Jessica Miller-Merrell | , ,| By
I would like to begin by thanking my lucky stars that, in this economy, I have had the good fortune of being gainfully employed for the past two years since graduating college. But, as I start a new chapter in my life, one that I hope turns out to be about a fabulous new career in a wonderful new city, I can’t help but compare my job search today with that of two years ago. So much has changed in such little time, so I want to pass along the job searching tips I’ve gained over the past few months of job searching. I hope this advice resonates with those of you who are looking for employment opportunities for the first time in years and may be feeling a little lost as you find work.
Job Searching Tips & Employment Opportunities
1. Job Search Strategies Include Social Media Even if you are not a College Kid Anymore
If you hadn’t heard, social media is all the rage now and that includes the tradional job search. (By the way, if you really hadn’t heard, you may want to climb out from under that rock and join us all in 2010.) There are so many choices for social media, but the three most common sites for those looking to network during a job search are Facebook, LinkedIn and Twitter.
If you don’t have a profile/account on these social media sites, I really recommend you check them out. Job search networking has proven to be an excellent way to connect with people within the field you are aspiring for. Click on the respective logos below for some great tips from some folks with much more expertise (Mashable, Forbes, and ICT-Guru) on how to use these sites effectively to make professional contacts.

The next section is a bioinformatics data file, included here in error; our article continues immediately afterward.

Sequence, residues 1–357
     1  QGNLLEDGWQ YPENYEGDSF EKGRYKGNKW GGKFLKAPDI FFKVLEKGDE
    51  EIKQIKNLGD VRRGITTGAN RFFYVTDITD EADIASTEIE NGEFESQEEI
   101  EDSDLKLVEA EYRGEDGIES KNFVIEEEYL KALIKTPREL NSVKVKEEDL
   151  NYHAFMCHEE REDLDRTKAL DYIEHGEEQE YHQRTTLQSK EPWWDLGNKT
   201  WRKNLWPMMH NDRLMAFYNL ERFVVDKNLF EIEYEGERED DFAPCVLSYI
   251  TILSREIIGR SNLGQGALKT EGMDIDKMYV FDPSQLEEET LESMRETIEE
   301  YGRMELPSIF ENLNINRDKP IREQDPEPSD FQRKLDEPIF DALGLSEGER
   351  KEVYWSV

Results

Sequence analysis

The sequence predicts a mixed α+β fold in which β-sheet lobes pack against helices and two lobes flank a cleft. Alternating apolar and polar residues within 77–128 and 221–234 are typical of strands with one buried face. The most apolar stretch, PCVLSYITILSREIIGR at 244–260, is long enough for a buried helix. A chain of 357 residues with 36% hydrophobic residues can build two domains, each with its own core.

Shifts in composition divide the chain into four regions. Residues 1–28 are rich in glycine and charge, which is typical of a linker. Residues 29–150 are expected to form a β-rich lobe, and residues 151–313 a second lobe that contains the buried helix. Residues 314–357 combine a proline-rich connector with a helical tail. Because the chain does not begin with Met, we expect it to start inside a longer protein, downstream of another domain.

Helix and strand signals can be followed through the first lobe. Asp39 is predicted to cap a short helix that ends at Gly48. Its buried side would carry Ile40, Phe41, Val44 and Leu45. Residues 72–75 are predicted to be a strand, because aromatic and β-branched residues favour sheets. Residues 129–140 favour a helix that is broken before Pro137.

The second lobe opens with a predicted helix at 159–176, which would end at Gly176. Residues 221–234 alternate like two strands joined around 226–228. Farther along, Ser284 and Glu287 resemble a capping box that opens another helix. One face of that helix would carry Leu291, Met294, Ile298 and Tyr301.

2. Job Application Advice: Networking- To Whom It May Concern is the Kiss of Death
Remember the good old days when you mailed your resume and cover letter in, via snail mail? Ok, to be fair, I don’t even remember that, but I heard it happened. What I do remember is actually getting my current job two years ago by, *gasp*, faxing my cover letter and resume to a complete stranger. Unfortunately, gone are the days when just anyone has a shot. It seems that if you want to even be considered for a job, you must know someone. To get an interview with a company to which you have zero personal connections is nearly unheard of.
So what does this mean? You have to make personal connections with people. Begin job search networking. Join a local networking group. Make meaningful contacts online via social media. Do whatever it is you need to do to build your personal and professional network because someday soon you will need them to help you get your foot in the door somewhere.
3. Make the Most of Employment Opportunities: What’s So Special About You?
Ok, back to the economy. We all know it’s in shambles and that unemployment is higher than it’s been in years, but there are jobs out there! The competition is tougher, but they exist. So what are you going to do to stand out of the hundreds, or dare I say thousands, of applicants vying for your dream job? You are unique and offer your very own perspective to whatever position you apply for, so come up with a plan. Not a cheesy gimmick, but something that will make yourself known and illustrate your tremendous value to a future employer: whatever it takes to get noticed as the competent professional you are. Avoid becoming a wallflower in your job search!
I’m not an expert on job search strategies, but I am a careful observer of all things job search related because I am in the throes of my very own job hunt. I hope some of these tips help for now, because in another two years, this advice will be moot and we will all be looking for some more sage advice!
Ashley Campbell is an association professional whose organization supports women in business. She has a healthy obsession with social media for its unyielding ability to create amazing connections and opportunities for people and hopes to someday move from the Midwest to NYC to pursue a career in the non-profit arena. To learn more about Ashley and connect with her, visit her blog, Entry Level Observations, which highlights the unique experiences of Gen Y professionals. Don’t forget her Twitter & LinkedIn.